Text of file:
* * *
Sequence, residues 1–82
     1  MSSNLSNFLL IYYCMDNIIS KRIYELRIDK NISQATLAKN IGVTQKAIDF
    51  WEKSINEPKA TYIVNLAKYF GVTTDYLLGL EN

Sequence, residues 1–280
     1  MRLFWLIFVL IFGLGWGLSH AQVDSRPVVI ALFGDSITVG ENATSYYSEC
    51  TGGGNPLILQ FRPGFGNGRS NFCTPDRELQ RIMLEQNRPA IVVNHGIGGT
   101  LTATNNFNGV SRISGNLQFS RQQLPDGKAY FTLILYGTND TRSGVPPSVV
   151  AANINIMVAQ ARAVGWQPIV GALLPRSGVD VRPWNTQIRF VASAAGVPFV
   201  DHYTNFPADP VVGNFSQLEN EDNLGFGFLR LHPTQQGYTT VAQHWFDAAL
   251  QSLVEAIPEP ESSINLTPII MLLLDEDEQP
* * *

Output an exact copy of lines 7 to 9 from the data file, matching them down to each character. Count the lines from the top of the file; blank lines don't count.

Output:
   101  LTATNNFNGV SRISGNLQFS RQQLPDGKAY FTLILYGTND TRSGVPPSVV
   151  AANINIMVAQ ARAVGWQPIV GALLPRSGVD VRPWNTQIRF VASAAGVPFV
   201  DHYTNFPADP VVGNFSQLEN EDNLGFGFLR LHPTQQGYTT VAQHWFDAAL